As cats move into the senior phase of their lives, they may be less apt to jump up to an elevated perch, are fussier at mealtime, and are less interested at playtime. Cats move into this phase between 8 and 12 years of age, and though it pains us to see our beloved family member change, we can do several important things to make her transition easier and keep her in optimal health.
By making good nutritional choices, using appropriate medications, vitamin supplements and neutraceuticals, and incorporating exercise into your cat's daily routine, you can make her senior years more joyful and comfortable.
Some studies suggest senior cats do not digest food properly, and thus may not absorb fat, vitamins, minerals, and electrolytes as well as younger cats. This means that they may not be getting the calories or the nutrition they need for optimal energy and function.
Rule out medical problems with your veterinarian, but if your senior cat is shedding pounds due to poor digestion, make sure you're feeding her a quality diet with highly digestible proteins and fats. In addition, supplement with a digestive aid to help her get the most nutritional benefit from her food. Since your cat's senses diminish as she ages, try lightly warming her food before feeding to bring out its flavor and aroma. Make sure she's getting plenty of fresh water, too.
Arthritis Can Rob Mobility
Geriatric cats with arthritis are no longer the agile little tigers you once had zipping around your home. They may have trouble getting into and out of the litter box, which may make them inclined to eliminate elsewhere. They may also begin to avoid jumping
over obstacles or jumping up to favorite perching sites, which decreases activity level - and enjoyment of their surroundings. If your cat is diagnosed with arthritis, work with your veterinarian to develop an arthritis management plan.
Stair steps or ramps
provide access to favorite perching spots without the pain of climbing. A low-sided litter box is easier on joints, too, and may prevent litter-box avoidance "accidents" around the house.
Veterinary Care: Essential in Senior Years
|Regular visits to your veterinarian are essential in your cat's senior years, not only to diagnose and treat ailments, but also to prevent a series of related problems that can occur if one ailment goes untreated.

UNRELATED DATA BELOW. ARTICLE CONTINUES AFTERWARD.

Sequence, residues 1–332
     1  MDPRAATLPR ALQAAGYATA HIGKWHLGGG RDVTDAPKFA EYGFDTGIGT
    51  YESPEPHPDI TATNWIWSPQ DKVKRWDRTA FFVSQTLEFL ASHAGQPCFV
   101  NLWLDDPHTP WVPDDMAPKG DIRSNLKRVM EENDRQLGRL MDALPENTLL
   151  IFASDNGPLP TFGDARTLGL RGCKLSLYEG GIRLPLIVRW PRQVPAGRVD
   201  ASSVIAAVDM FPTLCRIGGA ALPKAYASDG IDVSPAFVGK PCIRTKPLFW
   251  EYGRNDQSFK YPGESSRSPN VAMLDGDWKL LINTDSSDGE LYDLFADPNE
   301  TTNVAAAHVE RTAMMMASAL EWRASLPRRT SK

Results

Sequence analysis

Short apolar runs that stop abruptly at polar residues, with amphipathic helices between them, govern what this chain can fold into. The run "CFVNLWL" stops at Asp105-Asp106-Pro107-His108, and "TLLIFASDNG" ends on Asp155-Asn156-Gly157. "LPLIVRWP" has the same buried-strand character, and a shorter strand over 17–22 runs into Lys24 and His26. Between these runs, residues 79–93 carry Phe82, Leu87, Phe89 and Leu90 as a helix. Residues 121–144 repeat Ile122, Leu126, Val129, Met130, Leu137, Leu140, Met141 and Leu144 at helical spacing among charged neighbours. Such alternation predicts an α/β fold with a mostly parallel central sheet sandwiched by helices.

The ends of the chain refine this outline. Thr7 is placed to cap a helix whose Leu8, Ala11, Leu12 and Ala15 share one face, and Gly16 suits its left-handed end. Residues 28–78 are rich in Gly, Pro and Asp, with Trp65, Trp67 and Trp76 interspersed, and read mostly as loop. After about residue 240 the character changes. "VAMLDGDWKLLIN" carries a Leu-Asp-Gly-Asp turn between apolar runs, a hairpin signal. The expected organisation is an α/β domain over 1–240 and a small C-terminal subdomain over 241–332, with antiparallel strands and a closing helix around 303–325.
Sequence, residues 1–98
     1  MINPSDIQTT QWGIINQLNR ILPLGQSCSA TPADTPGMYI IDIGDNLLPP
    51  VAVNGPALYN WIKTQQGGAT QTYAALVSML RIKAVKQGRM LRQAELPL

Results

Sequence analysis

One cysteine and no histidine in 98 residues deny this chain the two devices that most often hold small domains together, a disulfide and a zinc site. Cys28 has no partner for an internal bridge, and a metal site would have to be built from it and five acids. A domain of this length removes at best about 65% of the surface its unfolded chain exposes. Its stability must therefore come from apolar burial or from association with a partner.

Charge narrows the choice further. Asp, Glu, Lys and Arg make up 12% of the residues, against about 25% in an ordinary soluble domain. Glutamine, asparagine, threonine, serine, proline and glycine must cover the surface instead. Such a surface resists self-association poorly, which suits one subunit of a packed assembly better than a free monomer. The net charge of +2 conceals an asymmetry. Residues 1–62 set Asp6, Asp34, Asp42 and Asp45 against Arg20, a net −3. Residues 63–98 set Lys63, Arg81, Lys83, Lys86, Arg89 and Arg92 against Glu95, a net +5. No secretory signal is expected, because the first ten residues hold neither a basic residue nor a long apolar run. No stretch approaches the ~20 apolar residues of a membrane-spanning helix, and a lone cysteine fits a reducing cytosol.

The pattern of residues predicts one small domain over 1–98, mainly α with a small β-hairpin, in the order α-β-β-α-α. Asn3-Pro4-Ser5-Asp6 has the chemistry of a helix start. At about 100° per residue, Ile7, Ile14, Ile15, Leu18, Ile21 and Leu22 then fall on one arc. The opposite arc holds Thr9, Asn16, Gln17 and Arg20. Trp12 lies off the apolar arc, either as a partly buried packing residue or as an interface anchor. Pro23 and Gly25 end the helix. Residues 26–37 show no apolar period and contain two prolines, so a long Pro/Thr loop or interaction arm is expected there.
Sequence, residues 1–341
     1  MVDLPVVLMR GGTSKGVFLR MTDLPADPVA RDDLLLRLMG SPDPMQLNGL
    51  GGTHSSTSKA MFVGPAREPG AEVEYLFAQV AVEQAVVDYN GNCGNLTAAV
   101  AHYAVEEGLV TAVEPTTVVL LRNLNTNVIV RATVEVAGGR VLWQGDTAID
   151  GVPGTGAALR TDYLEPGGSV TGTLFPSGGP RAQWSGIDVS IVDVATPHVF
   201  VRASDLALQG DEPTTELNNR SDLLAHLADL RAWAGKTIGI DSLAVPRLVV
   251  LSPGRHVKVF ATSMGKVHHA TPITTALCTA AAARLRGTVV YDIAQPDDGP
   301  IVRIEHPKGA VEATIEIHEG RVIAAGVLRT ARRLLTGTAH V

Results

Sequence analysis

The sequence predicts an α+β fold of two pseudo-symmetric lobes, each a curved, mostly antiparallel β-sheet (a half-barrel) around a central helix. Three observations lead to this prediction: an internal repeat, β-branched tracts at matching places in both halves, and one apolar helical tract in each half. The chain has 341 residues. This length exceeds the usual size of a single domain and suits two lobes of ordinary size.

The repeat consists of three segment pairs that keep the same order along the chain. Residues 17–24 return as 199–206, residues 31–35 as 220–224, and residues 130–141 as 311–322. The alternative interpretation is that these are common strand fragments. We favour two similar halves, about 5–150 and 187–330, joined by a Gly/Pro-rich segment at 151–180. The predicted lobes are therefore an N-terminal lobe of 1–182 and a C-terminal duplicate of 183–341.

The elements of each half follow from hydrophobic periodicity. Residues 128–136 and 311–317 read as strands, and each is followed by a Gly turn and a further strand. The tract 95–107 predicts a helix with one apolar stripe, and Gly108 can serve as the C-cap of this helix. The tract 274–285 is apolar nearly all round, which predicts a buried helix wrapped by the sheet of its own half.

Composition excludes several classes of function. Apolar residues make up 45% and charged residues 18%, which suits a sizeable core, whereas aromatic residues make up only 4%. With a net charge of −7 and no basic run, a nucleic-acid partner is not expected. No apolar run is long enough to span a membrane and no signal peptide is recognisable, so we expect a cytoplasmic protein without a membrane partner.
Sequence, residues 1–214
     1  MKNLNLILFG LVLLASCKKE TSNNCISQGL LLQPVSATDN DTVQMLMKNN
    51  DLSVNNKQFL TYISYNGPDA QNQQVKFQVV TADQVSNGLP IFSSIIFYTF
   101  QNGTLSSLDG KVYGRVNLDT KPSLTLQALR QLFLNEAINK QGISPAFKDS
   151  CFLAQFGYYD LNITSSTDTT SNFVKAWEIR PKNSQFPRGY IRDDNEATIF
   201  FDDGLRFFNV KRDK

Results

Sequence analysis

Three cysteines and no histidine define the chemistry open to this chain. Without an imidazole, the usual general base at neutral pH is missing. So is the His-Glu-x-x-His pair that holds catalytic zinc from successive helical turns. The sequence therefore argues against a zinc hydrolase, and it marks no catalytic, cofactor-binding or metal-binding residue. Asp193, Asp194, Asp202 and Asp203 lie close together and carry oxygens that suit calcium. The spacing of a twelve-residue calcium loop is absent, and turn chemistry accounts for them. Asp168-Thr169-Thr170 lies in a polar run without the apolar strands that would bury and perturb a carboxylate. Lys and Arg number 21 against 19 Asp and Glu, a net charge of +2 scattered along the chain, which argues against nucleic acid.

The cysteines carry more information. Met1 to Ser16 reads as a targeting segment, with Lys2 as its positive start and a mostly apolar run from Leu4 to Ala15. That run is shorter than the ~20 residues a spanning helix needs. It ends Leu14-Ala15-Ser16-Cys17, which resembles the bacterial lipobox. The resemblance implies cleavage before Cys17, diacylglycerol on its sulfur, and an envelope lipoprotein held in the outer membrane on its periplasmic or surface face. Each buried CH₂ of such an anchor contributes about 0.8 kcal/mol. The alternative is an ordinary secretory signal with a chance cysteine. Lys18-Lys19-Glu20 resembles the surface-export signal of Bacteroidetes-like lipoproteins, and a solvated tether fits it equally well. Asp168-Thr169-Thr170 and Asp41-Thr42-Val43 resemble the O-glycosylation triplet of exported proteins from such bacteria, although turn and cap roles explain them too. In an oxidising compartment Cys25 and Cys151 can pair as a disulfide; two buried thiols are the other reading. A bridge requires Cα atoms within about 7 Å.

Make sure your veterinary visits include dental exams and regular cleanings. Dental disease is one of the most common problems in senior cats. Regular at-home care is an important bridge between veterinary visits.
Medicating With Ease
Your aging cat may be less cooperative at taking medications. You can try one of the special treats on the market made especially for hiding a pill or medication inside. Your cat thinks she's getting a treat, and you don't have to fight her to take her medication.
Help Keep Her Active
Activity (physical and mental) is crucial for senior cats. It increases blood flow, which stimulates and oxygenates tissues to help remove toxins from the body more easily. Exercise also helps maintain proper bowel function, especially in constipation-prone senior cats, and can even help cats maintain emotional health. If your cat is still active, take her outside on a harness and leash for exercise and mental stimulation. If arthritic, take her outside in a pet stroller in mild weather. Brush her often to stimulate circulation, especially if she's stopped grooming herself. Keep cat grass handy for her to smell, chew, and paw at for added stimulation.
Whenever you are not certain about any of your aging cat's changes, consult your veterinarian. Timely action will help preserve the quality of life your senior cat deserves.
Products for your senior cat...
Drs. Foster & Smith Signature
Series® Adult Cat Food
Ramps & Stairs